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Paul Murphy: If we are serious about tackling Covid, we must get real on ventilation

The People Before Profit TD says ventilation has been all but ignored by the government in the battle against Covid.

Paul Murphy

Updated Nov 30th 2021, 10:00 AM

IRELAND HAS ONE of the highest vaccination rates in Europe and one of the highest Covid-19 infection rates.

These two facts should tell us that vaccines alone will not provide a way out of the pandemic – especially with the appearance of the new, seemingly more transmissible Omicron variant.

What’s needed now is a “Vaccines Plus” strategy of:

  • Prevention – masks, ventilation, hygiene
  • Vaccination – including boosters, and lifting patents to allow rapid global rollout, and
  • Control – PCR and antigen testing, backward and forward contact tracing, and supported isolation.

These will work, of course, combined with a properly resourced National Health Service.

So far in this country, one of the weakest links in the government’s Covid response has been ventilation. Think about how often you have heard about ventilation compared to how often you’ve been told to wash your hands – anyone would think handwashing is far more important to stopping transmission when the opposite is true.

Tackle the air

Since mid-2020 at the latest scientists have known, and it has since become widely accepted internationally, that Covid-19 is an airborne virus. It spreads through the air – whether at “close contact” or over longer distances inside poorly ventilated buildings.

Assistant Professor at the UCD School of Architecture and former Member of the Expert Group on the Role of Ventilation in Reducing Transmission of Covid-19, Orla Hegarty, has spelt out what this has meant in Ireland: 60% of the people who have tragically died of Covid were infected in fewer than 400 buildings – mainly nursing homes and hospitals.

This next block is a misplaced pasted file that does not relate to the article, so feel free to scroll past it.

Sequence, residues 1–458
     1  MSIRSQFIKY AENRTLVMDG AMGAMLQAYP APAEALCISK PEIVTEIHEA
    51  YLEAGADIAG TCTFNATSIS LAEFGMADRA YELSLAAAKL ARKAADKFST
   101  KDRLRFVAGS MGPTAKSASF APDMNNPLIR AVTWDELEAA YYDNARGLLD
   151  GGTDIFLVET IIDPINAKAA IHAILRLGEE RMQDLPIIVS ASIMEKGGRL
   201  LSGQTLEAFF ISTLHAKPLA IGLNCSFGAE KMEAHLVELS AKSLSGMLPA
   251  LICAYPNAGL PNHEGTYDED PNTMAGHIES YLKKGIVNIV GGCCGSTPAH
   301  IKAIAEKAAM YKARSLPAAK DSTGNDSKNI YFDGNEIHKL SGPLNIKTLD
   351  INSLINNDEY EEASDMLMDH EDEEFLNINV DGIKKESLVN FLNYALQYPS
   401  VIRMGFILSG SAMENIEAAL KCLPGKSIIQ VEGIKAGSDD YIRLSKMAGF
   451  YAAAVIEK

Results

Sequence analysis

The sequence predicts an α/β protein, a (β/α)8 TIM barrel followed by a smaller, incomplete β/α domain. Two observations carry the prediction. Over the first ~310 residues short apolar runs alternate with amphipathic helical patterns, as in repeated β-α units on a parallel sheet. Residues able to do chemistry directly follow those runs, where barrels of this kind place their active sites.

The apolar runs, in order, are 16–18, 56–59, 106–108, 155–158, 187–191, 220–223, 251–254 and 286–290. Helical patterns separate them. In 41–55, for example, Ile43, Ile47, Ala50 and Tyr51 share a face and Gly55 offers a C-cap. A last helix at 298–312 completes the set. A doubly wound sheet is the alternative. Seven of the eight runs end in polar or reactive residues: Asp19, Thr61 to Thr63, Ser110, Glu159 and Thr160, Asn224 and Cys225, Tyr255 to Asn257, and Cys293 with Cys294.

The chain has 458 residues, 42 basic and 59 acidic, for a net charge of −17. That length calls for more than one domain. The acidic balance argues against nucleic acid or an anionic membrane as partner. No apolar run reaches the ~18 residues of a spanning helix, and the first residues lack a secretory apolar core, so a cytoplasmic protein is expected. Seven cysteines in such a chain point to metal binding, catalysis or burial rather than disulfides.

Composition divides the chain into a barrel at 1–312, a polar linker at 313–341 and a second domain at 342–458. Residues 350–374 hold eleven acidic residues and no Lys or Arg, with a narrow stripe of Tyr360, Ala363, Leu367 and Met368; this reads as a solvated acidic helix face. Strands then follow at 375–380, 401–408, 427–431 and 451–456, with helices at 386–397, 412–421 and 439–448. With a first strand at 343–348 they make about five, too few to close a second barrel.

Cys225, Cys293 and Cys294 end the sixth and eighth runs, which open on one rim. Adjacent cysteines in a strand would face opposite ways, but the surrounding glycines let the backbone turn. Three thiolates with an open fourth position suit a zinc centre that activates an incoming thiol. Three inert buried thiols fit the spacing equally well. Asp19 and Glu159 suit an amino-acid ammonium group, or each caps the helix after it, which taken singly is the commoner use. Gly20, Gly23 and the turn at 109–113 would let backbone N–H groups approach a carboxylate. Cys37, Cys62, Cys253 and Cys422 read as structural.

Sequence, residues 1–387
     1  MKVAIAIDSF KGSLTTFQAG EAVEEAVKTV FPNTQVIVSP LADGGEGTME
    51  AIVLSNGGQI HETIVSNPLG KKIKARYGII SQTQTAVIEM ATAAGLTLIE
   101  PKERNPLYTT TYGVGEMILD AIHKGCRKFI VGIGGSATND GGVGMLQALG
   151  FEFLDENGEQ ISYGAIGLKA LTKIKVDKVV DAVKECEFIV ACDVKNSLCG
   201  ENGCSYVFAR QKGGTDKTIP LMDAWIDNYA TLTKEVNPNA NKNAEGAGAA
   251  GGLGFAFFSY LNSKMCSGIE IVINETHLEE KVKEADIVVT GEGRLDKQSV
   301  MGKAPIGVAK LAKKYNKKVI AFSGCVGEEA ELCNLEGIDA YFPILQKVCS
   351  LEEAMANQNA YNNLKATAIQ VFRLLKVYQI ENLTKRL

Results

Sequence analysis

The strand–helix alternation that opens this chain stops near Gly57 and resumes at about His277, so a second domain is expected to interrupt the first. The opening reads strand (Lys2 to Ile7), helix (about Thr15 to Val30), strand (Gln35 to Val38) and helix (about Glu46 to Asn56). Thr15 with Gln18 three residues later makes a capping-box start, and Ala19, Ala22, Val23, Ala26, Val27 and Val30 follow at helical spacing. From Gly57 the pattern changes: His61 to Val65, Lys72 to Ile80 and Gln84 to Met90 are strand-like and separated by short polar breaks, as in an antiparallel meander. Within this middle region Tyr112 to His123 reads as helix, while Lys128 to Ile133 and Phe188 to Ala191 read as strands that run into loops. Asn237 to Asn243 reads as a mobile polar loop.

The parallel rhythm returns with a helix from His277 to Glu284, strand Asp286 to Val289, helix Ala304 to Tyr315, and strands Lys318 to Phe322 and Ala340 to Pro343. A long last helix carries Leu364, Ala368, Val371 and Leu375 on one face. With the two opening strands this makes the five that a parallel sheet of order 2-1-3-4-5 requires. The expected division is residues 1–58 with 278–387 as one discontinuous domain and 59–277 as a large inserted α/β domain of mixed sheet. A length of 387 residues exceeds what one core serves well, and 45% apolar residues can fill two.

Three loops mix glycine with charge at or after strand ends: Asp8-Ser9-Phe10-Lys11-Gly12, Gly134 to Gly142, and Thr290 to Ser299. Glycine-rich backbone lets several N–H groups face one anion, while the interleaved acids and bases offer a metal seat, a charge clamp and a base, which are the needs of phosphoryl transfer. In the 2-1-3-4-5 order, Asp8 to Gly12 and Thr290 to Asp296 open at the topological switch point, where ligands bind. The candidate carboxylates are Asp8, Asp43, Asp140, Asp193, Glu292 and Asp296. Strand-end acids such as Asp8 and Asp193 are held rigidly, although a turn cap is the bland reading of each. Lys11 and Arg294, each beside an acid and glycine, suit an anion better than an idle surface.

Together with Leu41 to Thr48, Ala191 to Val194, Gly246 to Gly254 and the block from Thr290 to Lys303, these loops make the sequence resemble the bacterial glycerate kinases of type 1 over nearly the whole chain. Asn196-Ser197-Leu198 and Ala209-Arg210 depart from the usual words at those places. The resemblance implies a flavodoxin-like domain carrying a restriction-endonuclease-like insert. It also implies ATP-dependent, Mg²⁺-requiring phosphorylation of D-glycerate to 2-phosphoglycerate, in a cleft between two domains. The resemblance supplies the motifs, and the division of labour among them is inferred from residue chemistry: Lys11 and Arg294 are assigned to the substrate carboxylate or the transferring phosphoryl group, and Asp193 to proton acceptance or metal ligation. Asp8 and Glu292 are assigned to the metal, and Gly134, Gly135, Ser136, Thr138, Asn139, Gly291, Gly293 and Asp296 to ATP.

Right now, a large percentage of infections are happening inside schools, offices, pubs, restaurants, nightclubs and private homes. Wherever people gather indoors and air quality is poor, transmission can happen – and with it the opportunity for ‘superspreading’ events which are the main way the virus spreads.

Beyond Covid, indoor air pollution poses a much broader threat to public health – globally, it is estimated to cause four million deaths a year and contributes to asthma, allergies and the spread of other respiratory diseases. It’s time we started to see clean indoor air as being vitally important for public health, alongside clean water and food safety.

Clean indoor air

One solution is to clean the air. That means using natural and mechanical ventilation, combined with air filtration or purification where necessary.

Coronavirus particles hang around in the air like exhaled cigarette smoke. So using a Co2 monitor to measure the level of carbon dioxide in the air is a useful way to estimate whether the virus would be able to hang around and infect people or whether it would be quickly blown away.

This has only been done here to a very limited extent. Some schools were provided with fewer than one Co2 monitor per room but the government has failed to supply monitors to any other public buildings or public transport, or to require them in workplaces. There are still no legally enforceable minimum air quality standards measured in Co2 parts per million (ppm) as exist in countries like Belgium and Japan.

The government has also refused to provide HEPA (high efficiency particulate air) filters to schools, public transport or any other public buildings. These can be used in conjunction with natural ventilation to clean the air.

In September, the German federal government allocated €200 million to install air purifiers in schools and childcare centres. It’s estimated it would cost only €12 million to provide them to all Irish schools.